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Plastic and Male Reproductive Problems

Plastics and Male Reproductive Health

Consider for a moment how many times during an average day we come in contact with plastic.

It is used to in containers to hold our cold and hot beverages, it is used to store our hot and cold foods, many consumer goods and pretty much most of what we touch or expose ourselves daily to is made from plastic and it is harming our health.

The manufacturing process of many of these plastics includes the use of a popular industrial chemical called BPA (Bisphenol A). Recent animal trial in the Journal of Biomedical Research shows that low dosages of BPA were found to result in significantly lower sperm counts and reduce the production of important sex hormones (such as FSH) in the adult male rats.

This is only one of many studies which illustrate the negative impact this chemical has on our male reproductive health. Our exposure to BPA is so wide spread that in a  recent study, it is estimated that 93% of American’s have detectable levels of BPA in their bodies.

Fortunately, there are a number simple to follow steps which can reduce your exposure to BPA and its negative effects.

History of BPA:

In the early 1930’s BPA was recognized as an artificial estrogen and was used as a synthetic estrogen drug in woman and animals until it was banned due to the risk of causing cancer. Today it is still widely used to make many plastics such as those used in water bottles, sports equipment, food, and beverage containers and hybrid paper products.

The Dangers of BPA:

BPA is an endocrine disrupter and has the ability to mimic the effects of natural estrogen and has been shown to cause negative health effects in animal studies. BPA exposure has even been linked to obesity and weight gain as it has been shown to alter glucose and lipid metabolism.

A study of men who were exposed to BPA because they worked in a chemical plant for at least six months had lower levels of testosterone. Previous studies also conducted on Chinese factory workers have also suggested that BPA may lower sperm count and well as increase the risk of sexual dysfunction in men.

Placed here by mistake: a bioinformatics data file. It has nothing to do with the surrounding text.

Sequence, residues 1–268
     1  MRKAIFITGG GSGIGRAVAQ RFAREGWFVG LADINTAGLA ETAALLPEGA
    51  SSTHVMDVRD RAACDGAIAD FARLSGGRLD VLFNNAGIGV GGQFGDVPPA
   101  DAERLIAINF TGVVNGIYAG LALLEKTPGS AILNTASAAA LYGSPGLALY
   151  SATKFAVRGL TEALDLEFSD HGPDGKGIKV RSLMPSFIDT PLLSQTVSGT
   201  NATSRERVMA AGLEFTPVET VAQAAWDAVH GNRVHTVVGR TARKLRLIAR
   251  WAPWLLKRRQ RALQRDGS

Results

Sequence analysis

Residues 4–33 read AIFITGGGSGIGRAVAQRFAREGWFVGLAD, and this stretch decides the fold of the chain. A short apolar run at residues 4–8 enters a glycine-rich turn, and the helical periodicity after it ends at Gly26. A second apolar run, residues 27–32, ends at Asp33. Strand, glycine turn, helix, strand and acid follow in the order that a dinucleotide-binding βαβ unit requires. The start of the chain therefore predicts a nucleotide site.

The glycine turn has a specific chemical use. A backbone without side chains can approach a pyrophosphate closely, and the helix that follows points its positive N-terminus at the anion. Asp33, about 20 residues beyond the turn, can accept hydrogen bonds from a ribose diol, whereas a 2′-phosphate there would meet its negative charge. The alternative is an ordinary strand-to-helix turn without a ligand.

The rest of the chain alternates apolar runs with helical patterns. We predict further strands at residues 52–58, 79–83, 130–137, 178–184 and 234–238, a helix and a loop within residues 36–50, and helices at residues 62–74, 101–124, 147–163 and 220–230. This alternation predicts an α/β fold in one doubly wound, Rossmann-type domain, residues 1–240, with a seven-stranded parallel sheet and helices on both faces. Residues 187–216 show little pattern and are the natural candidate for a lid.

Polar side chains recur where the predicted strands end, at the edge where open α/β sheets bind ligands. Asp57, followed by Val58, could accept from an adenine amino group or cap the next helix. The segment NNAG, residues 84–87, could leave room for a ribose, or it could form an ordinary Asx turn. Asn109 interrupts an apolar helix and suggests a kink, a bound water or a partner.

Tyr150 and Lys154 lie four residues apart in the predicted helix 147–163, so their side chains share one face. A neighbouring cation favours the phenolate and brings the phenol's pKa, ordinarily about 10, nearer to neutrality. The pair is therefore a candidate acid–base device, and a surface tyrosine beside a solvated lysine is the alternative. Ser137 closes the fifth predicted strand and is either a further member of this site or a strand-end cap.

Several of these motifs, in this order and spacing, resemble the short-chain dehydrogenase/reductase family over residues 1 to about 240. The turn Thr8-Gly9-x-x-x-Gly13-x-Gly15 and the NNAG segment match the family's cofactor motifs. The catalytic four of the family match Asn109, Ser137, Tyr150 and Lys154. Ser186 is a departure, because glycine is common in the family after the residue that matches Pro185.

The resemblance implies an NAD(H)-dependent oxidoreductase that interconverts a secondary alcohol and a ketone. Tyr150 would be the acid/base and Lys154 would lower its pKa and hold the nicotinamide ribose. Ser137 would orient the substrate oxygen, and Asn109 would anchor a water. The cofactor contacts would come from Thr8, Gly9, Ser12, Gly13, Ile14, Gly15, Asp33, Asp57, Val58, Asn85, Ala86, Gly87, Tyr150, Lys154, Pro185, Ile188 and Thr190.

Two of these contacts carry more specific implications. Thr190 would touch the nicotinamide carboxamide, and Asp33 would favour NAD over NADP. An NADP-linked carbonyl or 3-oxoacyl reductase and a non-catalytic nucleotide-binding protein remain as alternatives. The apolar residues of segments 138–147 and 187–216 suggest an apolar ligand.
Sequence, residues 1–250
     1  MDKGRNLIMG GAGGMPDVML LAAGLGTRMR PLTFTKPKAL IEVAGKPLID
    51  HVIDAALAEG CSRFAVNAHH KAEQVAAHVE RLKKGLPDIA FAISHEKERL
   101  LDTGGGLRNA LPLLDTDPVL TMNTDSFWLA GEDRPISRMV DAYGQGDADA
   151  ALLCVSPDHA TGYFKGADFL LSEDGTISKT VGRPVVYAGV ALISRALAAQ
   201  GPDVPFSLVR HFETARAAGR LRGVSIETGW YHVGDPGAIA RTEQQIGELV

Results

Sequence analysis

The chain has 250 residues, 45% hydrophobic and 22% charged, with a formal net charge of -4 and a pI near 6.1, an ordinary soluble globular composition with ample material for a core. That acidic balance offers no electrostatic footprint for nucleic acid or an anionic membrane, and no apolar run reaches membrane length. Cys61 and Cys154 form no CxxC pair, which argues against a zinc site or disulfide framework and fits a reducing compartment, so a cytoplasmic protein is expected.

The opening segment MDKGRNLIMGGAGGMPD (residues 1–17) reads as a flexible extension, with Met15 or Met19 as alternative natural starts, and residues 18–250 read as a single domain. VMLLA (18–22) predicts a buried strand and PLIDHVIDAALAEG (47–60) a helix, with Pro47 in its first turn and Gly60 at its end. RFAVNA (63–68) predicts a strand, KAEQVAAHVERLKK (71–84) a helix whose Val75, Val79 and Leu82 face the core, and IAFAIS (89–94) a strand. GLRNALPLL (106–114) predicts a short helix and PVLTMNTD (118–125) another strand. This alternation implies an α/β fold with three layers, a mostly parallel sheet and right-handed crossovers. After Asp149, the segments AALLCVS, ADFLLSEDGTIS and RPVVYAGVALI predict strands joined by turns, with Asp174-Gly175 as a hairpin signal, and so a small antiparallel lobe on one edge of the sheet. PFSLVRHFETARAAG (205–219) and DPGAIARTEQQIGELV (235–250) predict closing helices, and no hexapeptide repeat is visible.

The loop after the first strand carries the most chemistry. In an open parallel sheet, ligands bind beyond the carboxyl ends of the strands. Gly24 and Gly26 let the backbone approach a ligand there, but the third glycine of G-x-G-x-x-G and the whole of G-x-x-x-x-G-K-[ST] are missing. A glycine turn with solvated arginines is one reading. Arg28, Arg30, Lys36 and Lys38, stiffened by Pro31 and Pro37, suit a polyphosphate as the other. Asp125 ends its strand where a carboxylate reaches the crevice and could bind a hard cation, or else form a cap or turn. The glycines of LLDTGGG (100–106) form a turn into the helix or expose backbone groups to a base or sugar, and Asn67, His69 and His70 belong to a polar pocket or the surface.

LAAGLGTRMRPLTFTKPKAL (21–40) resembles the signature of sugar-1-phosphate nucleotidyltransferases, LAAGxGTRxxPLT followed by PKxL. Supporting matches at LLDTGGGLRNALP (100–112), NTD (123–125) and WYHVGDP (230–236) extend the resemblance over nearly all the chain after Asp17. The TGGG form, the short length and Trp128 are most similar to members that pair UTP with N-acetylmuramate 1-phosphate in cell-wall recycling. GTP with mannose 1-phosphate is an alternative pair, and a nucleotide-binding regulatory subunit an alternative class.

Minimize Your Risk Of BPA:

The obvious is to reduce your exposure to as many plastics as possible. As a general rule avoid all plastics with resin code #3 or #7. Plastic containers and bottles are generally marked with a “resin code” found on the bottle of the bottle or container – It is a recycle logo with a number inside it.

Since many reusable water bottles are made of polycarbonate plastic that leaches BPA into the water, avoid them at all costs.

Here are some tips to follow:


Do not microwave any plastic food containers

Heating plastic can result in the chemicals leaching into the food and drink we use. When using a microwave, always use heat resistant glass or ceramic – not plastic. The label “microwave safe” means safety for the container – not your health.

Minimize the use of canned foods and canned drinks

BPA can be found in the lacquer lining of metal cans used in canned foods. Alternatively, choose fresh or frozen foods or glass containers or bottles.

Do not take Receipts:

BPA exists in many everyday items including thermal paper commonly used in the U.S. and used by cash register receipts. Always wash your hands after handling receipts.

By being vigilant and careful or the products we use we can limit the harmful effects of BPA.


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